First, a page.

As we come around to yet another Easter, my Lenten journey to the cross and eventual resurrection has taught me that I do not pay enough attention to the daily action of God in the world and in my life. It’s not that I don’t believe God is active…heavens, I see God all over the place. But rather, like many of us, I become leery of God’s goodness.

Last year, I was a part of a small group of people who met weekly to support one another. None of the participants knew I was a priest much less a Christian. After about five weeks, I came in wearing my collar. A woman in the group exclaimed: “Oh, so that’s why you are so kind!”

What’s the point here? Simply this: We are suspicious of goodness. To quote The Reverend Carol Cook: “At what age did we learn to think that good things don’t count?”

Are we suspicious because we are a society of broken promises? Think about it:

  • we build escape clauses into our contracts,
  • look for loopholes in our agreements,
  • insert weasel words into our guarantees
  • or hold out for renegotiation

No wonder we look at God’s goodness and say “It’s only a matter of time before the other shoe drops!”

But that’s not who God is! Author Frederick Buechner in his book Wishful Thinking and reprinted in Beyond Words says the following beautifully:

Grace is something you can never get but only be given. There's no way to earn it or deserve it or bring it about any more than you can deserve the taste of raspberries and cream or earn good looks or bring about your own birth.

A good sleep is grace and so are good dreams. Most tears are grace. The smell of rain is grace. Somebody loving you is grace. Loving somebody is grace. Have you ever tried to love somebody?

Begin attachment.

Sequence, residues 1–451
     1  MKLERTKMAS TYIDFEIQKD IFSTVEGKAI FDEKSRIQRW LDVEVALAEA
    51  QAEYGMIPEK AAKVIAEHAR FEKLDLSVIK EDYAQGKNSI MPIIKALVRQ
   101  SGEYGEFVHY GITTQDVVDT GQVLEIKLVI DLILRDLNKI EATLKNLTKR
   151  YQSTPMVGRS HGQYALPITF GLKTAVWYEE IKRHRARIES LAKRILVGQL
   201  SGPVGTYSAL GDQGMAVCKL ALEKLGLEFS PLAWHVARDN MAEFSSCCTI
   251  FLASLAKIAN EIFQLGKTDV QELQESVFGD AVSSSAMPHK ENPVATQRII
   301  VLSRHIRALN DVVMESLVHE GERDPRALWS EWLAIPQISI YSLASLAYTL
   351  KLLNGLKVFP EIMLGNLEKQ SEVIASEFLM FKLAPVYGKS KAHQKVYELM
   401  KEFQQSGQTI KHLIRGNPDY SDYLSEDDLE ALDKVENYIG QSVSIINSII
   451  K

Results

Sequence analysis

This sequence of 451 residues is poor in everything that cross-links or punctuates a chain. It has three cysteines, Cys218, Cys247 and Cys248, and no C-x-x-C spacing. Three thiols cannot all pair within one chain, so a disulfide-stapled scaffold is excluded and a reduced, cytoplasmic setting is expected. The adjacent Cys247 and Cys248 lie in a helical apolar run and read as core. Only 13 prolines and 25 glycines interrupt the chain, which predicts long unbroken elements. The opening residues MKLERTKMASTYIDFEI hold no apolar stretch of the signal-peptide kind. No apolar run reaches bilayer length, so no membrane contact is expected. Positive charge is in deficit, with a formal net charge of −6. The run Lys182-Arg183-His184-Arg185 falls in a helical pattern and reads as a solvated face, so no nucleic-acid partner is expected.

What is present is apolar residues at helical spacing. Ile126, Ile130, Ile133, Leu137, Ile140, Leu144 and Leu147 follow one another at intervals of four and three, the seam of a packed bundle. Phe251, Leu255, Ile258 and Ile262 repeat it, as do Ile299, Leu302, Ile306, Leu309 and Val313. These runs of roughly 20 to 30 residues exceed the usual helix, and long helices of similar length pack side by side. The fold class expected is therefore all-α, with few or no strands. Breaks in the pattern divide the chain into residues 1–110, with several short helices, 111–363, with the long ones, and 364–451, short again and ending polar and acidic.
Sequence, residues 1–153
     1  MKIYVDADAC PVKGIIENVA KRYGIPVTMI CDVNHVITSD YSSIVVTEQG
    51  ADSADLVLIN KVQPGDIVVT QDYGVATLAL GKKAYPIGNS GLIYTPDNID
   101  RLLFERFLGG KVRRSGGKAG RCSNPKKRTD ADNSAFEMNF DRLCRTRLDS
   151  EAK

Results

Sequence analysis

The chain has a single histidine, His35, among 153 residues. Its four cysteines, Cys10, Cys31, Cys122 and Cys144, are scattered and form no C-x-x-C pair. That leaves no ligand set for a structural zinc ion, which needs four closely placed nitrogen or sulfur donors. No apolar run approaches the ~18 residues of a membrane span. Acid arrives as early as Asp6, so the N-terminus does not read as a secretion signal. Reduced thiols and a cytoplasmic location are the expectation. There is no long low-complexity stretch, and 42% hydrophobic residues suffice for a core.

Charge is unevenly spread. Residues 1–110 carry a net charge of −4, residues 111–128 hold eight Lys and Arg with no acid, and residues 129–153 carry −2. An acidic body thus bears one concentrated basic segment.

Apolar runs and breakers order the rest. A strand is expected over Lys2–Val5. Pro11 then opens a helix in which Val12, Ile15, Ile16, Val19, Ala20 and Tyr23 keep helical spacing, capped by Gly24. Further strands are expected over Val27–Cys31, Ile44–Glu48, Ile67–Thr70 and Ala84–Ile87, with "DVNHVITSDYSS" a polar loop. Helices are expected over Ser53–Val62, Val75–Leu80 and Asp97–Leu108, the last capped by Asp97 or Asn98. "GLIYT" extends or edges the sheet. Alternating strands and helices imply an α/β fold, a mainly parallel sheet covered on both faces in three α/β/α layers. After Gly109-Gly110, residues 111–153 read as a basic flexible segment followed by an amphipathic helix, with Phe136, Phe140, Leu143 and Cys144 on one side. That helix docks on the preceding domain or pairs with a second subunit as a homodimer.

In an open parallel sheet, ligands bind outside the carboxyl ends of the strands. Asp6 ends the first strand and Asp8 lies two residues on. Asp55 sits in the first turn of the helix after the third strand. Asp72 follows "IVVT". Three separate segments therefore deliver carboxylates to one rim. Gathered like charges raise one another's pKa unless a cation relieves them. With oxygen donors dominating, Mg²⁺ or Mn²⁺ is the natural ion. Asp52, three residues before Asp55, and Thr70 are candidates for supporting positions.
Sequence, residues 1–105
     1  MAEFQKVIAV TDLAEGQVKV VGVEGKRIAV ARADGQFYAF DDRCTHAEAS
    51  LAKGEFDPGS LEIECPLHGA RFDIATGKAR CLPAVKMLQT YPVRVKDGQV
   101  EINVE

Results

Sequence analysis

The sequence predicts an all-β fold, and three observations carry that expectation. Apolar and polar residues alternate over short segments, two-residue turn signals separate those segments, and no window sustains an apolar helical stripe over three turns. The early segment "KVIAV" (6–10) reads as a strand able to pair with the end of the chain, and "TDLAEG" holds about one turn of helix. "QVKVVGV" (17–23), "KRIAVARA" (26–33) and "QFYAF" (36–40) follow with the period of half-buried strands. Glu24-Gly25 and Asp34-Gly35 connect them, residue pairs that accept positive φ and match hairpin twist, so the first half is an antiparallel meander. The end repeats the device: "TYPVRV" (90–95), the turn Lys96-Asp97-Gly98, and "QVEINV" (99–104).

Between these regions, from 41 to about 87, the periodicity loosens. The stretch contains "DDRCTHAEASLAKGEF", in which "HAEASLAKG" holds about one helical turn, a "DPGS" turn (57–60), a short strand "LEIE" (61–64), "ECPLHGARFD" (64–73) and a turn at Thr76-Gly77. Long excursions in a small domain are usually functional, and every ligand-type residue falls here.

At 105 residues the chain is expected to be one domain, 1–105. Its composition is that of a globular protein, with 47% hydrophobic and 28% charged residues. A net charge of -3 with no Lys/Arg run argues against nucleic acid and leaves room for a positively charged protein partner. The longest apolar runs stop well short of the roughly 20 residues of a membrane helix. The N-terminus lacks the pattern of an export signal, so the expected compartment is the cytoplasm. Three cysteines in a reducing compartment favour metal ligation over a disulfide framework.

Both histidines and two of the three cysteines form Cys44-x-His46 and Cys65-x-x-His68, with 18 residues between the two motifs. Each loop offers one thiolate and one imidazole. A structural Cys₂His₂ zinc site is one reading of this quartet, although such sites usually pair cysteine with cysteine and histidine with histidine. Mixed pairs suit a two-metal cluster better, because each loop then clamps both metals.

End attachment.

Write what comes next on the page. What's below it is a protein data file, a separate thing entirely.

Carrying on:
A crucial eccentricity of the Christian faith is the assertion that people are saved by grace. There's nothing you have to do. There's nothing you have to do. There's nothing you have to do.

The grace of God means something like: Here is your life. You might never have been, but you are because the party wouldn't have been complete without you. Here is the world. Beautiful and terrible things will happen. Don't be afraid. I am with you. Nothing can ever separate us. It's for you I created the universe. I love you.

There's only one catch. Like any other gift, the gift of grace can be yours only if you'll reach out and take it.

Maybe being able to reach out and take it is a gift too.

Ah, there’s a catch to all this goodness: We need not only to perceive it, and acknowledge it as good, but embrace it and take it. God offers all the good my life could ever use (Actually more than I could ever hope to exhaust) but I or rather we must engage in receiving it. How do we do that? The Christian life is not a quick fix but rather a life-long process. I leave you with the prayer for your journey, trusting that as you pray, God will change your heart and life. Here is “Remember” by Steve Garnaas-Holmes:

God, I am often so sloppy or lazy at my prayers, or, even worse, my prayers are lovely and pure and the next sixteen and a half hours are a mess.

I do not pray to become holy,

but simply this: to remember.

To be mindful of your goodness,

to remember that you are here,

to be present in the moment you grant me,

to look around me, to listen...

to remember. Amen.

From Unfolding Light by Steve Garnaas-Holmes, October 27, 2014.

Yours for the reign of God,